Consumer Reports Discovers Tesla Model S P85D Door Handle Malfunction

Consumer Reports Discovers Tesla Model S P85D Door Handle Malfunction 1 photo
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The Tesla Model S P85D is like Edison's light bulb combined with the Blower Bentley, not only revolutionary, but also fun. That doesn't make it perfect though.
Consumer Reports recently bought one of these wondrous electric vehicles to test out, but were disappointed when it broke down. The problem? Not a complex powertrain failure, but a simple door handle issue.

To streamline the outside of the car, Tesla's chromed handles are recessed into the bodywork. When you have your key in the pocket and approach the car, they automatically pop out... at least in theory. The good news is Tesla sent over an employee the following day, and he replaced the damaged parts.

At nearly $130,000, the American EV steps beyond the realm of conventional luxury cars, as it costs as much as a Mercedes-AMG GT S or a Porsche Cayenne Turbo. CR probably broke the bank to buy one of the most interesting pieces of consumer goods right now, so their disappointment is justified.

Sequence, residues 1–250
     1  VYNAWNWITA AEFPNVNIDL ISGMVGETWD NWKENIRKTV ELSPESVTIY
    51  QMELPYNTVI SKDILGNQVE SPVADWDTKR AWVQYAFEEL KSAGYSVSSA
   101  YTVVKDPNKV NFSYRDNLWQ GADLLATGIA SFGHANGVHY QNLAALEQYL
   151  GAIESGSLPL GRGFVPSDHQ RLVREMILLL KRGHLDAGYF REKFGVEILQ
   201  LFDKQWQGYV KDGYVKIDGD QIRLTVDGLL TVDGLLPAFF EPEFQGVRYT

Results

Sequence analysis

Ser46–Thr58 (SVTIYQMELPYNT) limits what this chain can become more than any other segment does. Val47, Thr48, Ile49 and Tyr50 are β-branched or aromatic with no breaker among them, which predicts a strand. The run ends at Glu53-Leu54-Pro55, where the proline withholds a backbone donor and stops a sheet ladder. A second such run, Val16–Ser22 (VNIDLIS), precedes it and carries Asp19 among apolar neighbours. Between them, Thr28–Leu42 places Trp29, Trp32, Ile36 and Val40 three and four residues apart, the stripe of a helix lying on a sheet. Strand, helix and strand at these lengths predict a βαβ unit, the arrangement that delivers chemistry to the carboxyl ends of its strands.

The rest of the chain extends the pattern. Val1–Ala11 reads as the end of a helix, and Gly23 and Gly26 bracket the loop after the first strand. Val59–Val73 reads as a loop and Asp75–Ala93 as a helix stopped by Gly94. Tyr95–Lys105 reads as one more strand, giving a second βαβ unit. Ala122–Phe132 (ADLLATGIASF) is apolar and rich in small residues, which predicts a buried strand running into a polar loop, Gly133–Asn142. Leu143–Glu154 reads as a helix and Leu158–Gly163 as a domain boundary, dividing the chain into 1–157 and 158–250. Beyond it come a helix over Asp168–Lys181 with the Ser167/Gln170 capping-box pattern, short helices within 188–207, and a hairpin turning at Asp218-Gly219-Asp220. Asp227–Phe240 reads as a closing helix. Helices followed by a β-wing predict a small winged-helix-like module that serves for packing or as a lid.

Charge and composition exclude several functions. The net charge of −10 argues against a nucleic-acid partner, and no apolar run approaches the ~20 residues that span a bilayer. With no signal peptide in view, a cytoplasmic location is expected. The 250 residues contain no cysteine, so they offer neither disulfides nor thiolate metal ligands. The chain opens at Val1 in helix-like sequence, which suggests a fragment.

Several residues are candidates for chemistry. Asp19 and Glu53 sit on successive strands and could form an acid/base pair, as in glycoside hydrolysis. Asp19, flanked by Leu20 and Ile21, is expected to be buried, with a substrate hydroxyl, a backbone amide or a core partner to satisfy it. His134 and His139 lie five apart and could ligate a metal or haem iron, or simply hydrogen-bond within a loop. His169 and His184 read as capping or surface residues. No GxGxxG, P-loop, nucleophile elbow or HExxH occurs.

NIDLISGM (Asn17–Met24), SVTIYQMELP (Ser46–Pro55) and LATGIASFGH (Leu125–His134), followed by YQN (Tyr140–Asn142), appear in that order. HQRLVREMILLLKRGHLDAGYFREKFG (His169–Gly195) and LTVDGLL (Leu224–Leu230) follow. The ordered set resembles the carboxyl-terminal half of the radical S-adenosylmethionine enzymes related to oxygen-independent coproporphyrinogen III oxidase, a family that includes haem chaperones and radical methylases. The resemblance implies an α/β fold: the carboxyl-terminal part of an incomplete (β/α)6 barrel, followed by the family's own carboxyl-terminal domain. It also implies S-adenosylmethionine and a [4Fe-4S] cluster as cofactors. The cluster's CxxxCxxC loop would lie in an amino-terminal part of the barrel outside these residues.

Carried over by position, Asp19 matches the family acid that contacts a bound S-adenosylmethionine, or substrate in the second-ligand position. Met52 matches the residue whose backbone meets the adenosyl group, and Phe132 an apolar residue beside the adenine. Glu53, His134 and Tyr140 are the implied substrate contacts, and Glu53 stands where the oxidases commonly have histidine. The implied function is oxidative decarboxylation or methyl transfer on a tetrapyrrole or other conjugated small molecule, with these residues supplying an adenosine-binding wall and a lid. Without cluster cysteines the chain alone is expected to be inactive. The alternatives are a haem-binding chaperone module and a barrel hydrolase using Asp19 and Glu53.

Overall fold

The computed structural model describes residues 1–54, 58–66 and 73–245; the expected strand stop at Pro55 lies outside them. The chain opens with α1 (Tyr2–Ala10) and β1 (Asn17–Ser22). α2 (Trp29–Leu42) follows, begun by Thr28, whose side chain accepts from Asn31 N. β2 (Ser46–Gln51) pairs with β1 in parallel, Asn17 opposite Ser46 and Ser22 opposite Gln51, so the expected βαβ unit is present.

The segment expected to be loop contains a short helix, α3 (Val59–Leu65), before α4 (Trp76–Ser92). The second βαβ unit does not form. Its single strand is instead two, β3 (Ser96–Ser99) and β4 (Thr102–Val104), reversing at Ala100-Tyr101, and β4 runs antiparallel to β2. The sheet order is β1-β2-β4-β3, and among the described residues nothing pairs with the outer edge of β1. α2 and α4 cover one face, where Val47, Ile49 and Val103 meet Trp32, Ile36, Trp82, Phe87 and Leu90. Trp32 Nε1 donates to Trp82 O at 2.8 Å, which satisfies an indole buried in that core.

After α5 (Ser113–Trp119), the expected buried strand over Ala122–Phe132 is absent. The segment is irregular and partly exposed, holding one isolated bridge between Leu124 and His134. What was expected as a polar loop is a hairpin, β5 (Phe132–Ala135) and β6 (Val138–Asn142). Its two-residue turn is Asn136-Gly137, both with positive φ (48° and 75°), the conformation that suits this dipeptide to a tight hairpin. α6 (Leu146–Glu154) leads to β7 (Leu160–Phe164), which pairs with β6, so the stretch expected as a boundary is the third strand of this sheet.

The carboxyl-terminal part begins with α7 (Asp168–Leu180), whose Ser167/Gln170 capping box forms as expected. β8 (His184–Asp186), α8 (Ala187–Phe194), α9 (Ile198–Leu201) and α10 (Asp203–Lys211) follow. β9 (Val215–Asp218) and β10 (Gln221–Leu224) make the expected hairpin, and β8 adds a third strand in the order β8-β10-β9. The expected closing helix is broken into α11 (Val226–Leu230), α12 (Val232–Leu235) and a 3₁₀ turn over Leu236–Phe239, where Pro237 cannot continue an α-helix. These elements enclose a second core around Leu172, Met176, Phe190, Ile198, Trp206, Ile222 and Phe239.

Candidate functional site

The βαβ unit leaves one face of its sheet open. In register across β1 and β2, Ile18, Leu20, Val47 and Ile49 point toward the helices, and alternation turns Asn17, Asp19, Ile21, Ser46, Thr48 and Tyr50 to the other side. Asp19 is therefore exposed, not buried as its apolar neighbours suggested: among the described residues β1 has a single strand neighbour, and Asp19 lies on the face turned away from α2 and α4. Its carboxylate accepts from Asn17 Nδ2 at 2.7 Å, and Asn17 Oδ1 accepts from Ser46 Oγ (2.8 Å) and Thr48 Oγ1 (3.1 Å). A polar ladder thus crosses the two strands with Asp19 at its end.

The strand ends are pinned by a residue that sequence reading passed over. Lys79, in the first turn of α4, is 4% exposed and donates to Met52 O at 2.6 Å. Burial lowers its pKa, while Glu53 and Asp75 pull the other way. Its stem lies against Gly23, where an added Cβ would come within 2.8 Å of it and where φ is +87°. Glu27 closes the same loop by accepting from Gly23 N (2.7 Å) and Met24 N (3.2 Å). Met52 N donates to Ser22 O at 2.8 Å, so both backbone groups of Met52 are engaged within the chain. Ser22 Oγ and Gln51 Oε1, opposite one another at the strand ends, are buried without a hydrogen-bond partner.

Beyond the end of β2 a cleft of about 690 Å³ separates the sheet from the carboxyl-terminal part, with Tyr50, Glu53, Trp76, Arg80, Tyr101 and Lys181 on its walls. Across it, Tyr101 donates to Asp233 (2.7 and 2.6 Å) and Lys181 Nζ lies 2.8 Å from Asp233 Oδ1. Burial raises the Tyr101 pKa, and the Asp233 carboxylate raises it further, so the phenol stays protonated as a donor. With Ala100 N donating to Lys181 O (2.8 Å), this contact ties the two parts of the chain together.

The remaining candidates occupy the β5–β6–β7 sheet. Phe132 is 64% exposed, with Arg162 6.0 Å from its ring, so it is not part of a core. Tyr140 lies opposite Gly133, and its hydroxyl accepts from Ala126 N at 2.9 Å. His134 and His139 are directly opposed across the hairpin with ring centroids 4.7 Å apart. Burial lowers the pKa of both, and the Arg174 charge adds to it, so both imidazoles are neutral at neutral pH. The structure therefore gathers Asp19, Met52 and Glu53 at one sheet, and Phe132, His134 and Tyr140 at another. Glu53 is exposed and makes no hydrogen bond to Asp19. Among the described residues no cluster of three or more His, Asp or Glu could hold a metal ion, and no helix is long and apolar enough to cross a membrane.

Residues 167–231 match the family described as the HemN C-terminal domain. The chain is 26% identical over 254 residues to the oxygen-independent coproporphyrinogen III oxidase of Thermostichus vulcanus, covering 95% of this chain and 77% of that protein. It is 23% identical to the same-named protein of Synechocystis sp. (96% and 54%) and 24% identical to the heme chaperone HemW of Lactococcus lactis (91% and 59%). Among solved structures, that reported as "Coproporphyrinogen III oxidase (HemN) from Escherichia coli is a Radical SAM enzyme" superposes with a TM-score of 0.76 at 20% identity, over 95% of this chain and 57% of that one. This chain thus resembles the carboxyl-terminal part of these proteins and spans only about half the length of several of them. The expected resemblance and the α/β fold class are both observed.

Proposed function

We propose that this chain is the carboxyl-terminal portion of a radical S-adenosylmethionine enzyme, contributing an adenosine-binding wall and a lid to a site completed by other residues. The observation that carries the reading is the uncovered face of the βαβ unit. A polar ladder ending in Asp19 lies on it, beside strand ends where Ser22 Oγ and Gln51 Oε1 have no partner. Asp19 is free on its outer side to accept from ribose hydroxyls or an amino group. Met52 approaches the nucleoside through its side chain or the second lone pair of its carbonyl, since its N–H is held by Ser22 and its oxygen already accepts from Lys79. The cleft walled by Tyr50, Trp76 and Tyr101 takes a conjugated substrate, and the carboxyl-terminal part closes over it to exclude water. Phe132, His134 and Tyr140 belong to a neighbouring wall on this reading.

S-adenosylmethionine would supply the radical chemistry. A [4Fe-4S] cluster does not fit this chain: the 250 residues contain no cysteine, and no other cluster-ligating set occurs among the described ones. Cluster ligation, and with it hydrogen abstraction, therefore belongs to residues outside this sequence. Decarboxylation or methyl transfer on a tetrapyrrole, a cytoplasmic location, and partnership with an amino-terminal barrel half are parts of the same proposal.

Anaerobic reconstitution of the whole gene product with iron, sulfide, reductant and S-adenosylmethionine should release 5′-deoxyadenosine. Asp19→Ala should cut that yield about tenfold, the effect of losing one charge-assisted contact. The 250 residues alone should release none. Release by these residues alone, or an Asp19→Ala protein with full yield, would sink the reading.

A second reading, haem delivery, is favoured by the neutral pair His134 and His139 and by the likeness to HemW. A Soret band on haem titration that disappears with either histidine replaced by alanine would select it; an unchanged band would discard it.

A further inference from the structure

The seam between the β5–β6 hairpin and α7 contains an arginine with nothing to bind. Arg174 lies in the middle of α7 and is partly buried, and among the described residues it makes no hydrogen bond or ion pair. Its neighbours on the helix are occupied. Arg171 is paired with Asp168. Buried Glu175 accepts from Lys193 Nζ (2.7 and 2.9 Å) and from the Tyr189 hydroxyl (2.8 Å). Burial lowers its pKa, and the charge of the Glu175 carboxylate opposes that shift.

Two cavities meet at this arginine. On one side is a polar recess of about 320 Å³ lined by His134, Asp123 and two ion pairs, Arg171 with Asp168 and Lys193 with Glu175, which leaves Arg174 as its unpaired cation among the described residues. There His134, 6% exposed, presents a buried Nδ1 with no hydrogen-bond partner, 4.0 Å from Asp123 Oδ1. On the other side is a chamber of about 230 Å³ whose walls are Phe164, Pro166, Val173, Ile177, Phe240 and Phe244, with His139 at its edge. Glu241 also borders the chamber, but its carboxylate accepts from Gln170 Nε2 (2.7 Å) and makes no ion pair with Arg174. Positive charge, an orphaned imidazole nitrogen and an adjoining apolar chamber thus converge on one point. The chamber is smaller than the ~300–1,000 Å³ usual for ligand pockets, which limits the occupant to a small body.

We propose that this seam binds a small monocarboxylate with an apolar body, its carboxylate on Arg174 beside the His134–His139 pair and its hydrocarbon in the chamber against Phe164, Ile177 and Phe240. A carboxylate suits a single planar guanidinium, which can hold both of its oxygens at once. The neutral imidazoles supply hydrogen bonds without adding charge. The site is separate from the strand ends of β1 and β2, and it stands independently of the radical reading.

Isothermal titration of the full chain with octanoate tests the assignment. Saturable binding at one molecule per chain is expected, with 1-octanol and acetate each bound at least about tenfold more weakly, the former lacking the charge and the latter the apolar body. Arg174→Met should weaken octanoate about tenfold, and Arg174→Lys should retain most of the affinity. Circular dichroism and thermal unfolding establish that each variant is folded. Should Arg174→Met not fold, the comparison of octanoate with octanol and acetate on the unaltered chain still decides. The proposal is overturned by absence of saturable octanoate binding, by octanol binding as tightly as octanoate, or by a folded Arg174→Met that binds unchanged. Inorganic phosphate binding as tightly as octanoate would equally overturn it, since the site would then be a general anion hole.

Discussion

This problem is not the first they found with the Silicone car, as a while ago the same people found that under certain conditions, a big enough rock going under the car could damage the battery. This in turn could have had catastrophic results, so Tesla jumped into action and installed a new underbody shield.

But what's going on with the handle? People have been having this problem with regular versions of the Model S since the car was launched, while Consumer Reports claims it's the most common malfunction in their database. At the end of the day, all cars are just really big computers and you can expect tedious malfunctions from Jaguars, Porsches or even Bentleys. The company that wins the luxury game is that which treats its customers with respect – that's our two cents.

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About the author: Mihnea Radu
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Mihnea's favorite cars have already been built, the so-called modern classics from the '80s and '90s. He also loves local car culture from all over the world, so don't be surprised to see him getting excited about weird Japanese imports, low-rider VWs out of Germany, replicas from Russia or LS swaps down in Florida.
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